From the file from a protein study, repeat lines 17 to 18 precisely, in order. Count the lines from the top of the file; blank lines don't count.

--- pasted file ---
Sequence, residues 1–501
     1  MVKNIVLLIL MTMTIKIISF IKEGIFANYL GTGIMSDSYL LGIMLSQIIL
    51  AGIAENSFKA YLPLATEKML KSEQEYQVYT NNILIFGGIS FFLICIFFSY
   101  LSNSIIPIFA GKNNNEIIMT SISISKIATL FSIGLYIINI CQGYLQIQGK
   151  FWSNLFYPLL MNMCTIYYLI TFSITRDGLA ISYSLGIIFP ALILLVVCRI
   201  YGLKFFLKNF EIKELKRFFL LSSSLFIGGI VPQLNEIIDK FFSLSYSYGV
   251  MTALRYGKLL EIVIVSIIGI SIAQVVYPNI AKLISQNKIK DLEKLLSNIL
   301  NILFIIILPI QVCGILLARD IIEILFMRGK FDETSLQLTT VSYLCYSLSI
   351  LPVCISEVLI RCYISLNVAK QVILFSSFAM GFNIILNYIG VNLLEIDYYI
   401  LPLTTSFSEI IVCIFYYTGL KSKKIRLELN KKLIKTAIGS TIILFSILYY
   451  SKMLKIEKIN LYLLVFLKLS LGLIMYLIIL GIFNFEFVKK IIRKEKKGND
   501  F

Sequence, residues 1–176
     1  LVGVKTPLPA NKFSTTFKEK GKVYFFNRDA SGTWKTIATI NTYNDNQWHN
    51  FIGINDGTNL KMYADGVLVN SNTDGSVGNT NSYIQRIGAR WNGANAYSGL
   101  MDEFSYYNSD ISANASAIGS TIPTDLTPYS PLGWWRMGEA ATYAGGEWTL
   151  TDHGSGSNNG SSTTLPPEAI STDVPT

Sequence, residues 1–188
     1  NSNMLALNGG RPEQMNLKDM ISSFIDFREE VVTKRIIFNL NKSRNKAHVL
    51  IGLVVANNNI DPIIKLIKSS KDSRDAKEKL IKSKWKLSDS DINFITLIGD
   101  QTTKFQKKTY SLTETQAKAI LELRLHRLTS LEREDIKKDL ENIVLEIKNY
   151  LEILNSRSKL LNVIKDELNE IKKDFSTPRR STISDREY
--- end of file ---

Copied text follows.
   151  TDHGSGSNNG SSTTLPPEAI STDVPT

Sequence, residues 1–188